more precisely, that which is still to be. For the "modern age" is in no way at an end. Rather, it is just entering the beginning of its presumably long-drawn-out consummation. And Nietzsche's thought? Part of what is thought-provoking is that Nietzsche's thought has still not been found. Part of what is most thought-provoking is that we are not in the least prepared truly to lose what is found, rather than merely pass it over and by-pass it. Bypassing of this sort is often done in an innocent form—by offering an overall exposition of Nietzsche's philosophy. As though there could be an exposition that is not necessarily, down in its remotest nook and cranny, an interpretation. As though any interpretation could escape the necessity of taking a stand or even, simply by its choice of starting point, of being an unspoken rejection and refutation. But no thinker can ever be overcome by our refuting him and stacking up around him a literature of refutation. What a thinker has thought can be mastered only if we refer everything in his thought that is still unthought back to its originary truth. Of course, the thoughtful dialogue with the thinker does not become any more comfortable that way; on the contrary, it turns into a disputation of rising acrimony. Meantime, however, Nietzsche goes on being bravely refuted. This industry, as we shall see, had early reached the point where thoughts were fabricated and ascribed to him which are the exact opposite of those he really thought, those in which his thinking finally consumed itself.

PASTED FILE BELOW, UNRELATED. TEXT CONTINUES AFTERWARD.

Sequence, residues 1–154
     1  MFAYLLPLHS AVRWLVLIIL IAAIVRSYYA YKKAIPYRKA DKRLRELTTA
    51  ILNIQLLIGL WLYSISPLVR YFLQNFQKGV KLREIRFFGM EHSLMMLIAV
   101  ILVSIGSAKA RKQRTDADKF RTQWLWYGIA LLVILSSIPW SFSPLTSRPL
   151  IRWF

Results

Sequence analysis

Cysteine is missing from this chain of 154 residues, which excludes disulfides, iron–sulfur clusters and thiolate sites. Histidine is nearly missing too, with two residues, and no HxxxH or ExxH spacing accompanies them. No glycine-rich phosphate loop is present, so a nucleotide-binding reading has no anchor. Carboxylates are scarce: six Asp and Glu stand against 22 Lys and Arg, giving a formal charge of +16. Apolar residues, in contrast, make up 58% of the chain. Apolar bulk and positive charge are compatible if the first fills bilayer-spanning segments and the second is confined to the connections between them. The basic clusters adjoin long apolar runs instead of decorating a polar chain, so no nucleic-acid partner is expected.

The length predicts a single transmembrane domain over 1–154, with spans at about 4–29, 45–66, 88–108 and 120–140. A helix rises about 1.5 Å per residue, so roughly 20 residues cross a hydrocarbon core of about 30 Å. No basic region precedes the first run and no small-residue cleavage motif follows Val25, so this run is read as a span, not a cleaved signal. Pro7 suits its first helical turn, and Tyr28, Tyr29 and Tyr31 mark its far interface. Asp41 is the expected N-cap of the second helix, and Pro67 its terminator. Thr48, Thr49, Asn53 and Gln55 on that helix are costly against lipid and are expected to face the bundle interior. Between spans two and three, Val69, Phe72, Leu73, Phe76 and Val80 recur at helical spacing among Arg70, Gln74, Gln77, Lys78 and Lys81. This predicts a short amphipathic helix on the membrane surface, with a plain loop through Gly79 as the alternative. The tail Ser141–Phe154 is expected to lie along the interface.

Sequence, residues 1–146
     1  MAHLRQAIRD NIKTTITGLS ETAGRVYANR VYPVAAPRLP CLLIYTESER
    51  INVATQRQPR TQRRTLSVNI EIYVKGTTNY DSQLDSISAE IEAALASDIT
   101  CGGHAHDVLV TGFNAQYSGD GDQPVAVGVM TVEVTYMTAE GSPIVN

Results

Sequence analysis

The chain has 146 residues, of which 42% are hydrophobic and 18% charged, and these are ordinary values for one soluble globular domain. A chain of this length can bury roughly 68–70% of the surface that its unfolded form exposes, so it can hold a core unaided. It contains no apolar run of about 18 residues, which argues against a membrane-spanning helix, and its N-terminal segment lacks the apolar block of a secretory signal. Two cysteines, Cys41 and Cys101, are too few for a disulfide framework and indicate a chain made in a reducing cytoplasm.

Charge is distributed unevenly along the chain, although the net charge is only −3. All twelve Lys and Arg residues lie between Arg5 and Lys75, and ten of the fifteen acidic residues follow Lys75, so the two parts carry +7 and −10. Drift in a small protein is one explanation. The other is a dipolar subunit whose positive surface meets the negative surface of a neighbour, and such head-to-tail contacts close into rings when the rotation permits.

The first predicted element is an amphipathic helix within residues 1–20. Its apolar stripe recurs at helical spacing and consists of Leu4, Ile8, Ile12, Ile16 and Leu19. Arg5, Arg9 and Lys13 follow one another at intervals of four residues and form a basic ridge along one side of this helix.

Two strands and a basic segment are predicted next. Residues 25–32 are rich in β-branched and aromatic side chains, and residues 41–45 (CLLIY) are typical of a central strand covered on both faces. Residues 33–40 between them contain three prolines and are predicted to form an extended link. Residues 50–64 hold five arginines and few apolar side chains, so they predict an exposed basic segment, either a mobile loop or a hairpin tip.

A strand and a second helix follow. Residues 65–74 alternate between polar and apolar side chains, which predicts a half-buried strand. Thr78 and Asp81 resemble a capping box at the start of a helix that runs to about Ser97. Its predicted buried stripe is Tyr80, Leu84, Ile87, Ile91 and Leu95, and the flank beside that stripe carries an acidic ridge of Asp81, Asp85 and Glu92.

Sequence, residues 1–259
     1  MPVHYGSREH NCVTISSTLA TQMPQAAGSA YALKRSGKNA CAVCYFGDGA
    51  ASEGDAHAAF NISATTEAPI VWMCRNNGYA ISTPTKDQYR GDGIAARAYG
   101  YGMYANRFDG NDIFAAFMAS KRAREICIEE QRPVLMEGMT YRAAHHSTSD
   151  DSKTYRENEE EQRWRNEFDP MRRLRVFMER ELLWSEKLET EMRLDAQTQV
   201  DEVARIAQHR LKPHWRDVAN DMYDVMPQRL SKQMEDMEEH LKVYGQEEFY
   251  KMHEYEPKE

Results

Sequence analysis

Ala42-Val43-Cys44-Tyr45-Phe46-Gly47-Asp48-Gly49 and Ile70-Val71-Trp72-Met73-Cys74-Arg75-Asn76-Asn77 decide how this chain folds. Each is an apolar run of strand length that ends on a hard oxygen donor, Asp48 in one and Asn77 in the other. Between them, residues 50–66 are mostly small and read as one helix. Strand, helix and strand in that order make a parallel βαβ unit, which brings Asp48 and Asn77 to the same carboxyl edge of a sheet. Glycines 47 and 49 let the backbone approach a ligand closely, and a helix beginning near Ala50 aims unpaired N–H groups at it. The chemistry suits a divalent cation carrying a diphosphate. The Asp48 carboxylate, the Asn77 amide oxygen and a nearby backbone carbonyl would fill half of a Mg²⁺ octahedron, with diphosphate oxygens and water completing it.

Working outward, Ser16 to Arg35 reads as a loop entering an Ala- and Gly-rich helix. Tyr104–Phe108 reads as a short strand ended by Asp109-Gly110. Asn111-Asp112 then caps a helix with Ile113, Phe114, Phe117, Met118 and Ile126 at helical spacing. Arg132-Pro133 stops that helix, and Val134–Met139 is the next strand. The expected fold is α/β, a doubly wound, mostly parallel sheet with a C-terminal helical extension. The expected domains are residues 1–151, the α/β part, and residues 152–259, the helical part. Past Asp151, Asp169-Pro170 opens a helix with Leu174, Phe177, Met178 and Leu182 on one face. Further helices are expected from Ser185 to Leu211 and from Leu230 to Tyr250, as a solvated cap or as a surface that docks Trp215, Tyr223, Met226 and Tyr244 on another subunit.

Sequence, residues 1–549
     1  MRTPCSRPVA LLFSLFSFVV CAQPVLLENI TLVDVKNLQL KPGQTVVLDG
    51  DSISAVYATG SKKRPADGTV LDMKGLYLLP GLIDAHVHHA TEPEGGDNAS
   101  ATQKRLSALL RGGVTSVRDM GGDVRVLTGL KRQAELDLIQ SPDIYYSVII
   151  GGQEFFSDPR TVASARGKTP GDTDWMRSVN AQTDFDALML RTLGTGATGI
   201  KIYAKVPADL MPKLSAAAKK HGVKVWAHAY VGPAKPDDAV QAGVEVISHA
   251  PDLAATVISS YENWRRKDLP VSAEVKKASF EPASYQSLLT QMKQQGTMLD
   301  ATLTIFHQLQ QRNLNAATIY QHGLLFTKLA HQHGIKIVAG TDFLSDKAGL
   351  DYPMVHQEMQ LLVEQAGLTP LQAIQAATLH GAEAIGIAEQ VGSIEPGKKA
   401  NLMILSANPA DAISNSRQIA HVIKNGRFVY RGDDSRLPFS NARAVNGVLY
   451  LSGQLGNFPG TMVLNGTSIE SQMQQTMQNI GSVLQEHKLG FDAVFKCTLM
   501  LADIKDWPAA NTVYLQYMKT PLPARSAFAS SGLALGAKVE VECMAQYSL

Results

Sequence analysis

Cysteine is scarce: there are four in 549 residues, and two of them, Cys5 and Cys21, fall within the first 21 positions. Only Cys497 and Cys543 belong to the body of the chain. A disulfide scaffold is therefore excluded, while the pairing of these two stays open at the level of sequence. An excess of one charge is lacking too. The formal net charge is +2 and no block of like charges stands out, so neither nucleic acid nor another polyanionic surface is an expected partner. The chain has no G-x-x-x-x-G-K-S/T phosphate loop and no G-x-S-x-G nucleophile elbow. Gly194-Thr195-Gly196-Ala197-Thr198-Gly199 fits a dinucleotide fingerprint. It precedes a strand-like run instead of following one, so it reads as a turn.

Summary and Transition
The way of our question "what is called thinking?" has brought us to the question: what is this anyway—to form an idea? So far, an answer has suggested itself only in vague outline: the forming of ideas could even be the universally